A19(d) - Opportunities for and Challenges of Reconciliation in Canada
Date: Jun 14 | Time: 01:45pm to 03:15pm | Location:
A New and Renewed Relationship or a Skipping Record? Indigenous/Canadian 'Progress' (2015-2019): Chadwick Cowie (University of Toronto)
Abstract: The purpose of this paper will be to assess the first term of the Justin Trudeau Liberal government in relation to Indigenous relations, rights, and reconciliation. Although Trudeau, during the 2015 Canadian federal election made many promises relating to a new, and renewed, relationship with Indigenous peoples, the assessment put forth will highlight that such a relationship continued to be a ‘Canadian-centric’ form rather than nation-to-nation. In arguing that the Trudeau government’s approach was more Canadian-centric than nation-to-nation, this paper will first assess the first year of the Trudeau government – focusing on the swearing in of Cabinet and budgetary promises during its first mandate. Following a review of Cabinet and Budgetary commitments, this paper will then review policy decisions and movements that impact and relate to Indigenous nations, peoples, rights, consultation, and concepts of reconciliation. Lastly, focus will then turn to assessing how such Canadian-centric approaches by the Trudeau government not only led to a decline in Indigenous support and volunteerism but was further declined with the treatment of the of former Ministers Hunter Tootoo and Jody Wilson-Raybould.
UNDRIP and Reconciliation: Canadian Legislation and the TRC’s 94 Calls to Action: Isabelle Cote (Memorial University), Matthew Mitchell (USask), Andrew Grant (Queen's University), Dimitri Panagos (Memorial University)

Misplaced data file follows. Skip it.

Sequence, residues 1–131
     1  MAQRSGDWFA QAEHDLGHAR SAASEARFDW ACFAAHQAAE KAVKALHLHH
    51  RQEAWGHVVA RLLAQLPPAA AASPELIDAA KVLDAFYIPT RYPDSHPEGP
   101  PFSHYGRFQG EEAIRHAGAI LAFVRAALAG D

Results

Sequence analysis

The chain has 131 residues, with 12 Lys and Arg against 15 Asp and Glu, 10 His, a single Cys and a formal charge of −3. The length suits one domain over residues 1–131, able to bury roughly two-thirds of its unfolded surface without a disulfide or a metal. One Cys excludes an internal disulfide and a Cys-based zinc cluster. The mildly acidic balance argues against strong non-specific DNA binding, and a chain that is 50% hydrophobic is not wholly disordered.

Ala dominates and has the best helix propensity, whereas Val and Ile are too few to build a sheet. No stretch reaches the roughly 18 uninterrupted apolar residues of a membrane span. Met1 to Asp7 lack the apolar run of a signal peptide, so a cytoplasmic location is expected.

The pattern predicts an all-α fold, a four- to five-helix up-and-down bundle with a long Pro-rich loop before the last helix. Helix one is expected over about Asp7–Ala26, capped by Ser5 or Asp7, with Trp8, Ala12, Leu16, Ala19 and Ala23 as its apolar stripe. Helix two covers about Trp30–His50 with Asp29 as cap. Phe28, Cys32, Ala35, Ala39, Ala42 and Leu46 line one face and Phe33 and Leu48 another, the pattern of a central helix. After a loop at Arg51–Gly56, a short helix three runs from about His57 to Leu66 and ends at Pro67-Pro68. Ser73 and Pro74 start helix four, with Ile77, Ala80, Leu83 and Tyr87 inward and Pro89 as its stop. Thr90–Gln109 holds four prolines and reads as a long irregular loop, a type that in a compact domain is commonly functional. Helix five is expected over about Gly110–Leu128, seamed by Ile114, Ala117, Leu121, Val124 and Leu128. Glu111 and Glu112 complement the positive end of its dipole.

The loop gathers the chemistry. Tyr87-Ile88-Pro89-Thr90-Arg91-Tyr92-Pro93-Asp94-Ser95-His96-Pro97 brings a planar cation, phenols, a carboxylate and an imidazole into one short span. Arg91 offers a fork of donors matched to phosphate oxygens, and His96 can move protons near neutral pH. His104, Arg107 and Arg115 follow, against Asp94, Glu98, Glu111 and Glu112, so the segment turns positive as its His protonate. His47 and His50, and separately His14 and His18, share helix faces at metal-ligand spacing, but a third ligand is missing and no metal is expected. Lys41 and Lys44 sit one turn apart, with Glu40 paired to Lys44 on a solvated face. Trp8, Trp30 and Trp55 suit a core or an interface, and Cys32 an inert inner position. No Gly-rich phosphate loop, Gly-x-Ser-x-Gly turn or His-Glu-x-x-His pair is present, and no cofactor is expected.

Abstract: The Truth and Reconciliation Commission of Canada issued its final report in 2015. A prominent feature of the report is its 94 Calls to Action, a detailed list of concrete steps aimed at promoting the process of reconciliation with Indigenous communities in Canada. A careful survey of the 94 Calls reveals the important role of the United Nations Declaration on the Rights of Indigenous Peoples (UNDRIP) in the reconciliation process. Among other things, the report urges federal, provincial, and territorial governments to formally recognize UNDRIP and to develop strategies for its implementation (Calls to Action #43 and #44). This paper examines the progress made by federal, provincial, and territorial authorities on this front. Specifically, it tests the hypothesis that less progress will be made in jurisdictions where a higher proportion of the governments’ revenues are drawn from mining and hydrocarbon sectors, as the Duty to Consult with Indigenous communities means that uncertainty regarding the timeline and outcome of Free, Prior, and Informed Consent could heighten the costs and risks associated with potential projects. The paper thus assesses which governments have incorporated UNDRIP into their legislation, how UNDRIP impacts this legislation (including impact on investment in mining and hydrocarbon projects), and the degree to which these legislative effects coincide with the 94 Calls to Action. The study will not only ascertain how much progress Canada has made toward meeting the commission’s UNDRIP-related calls to action, but also offer insights on how to promote reconciliation in both a feasible and equitable manner.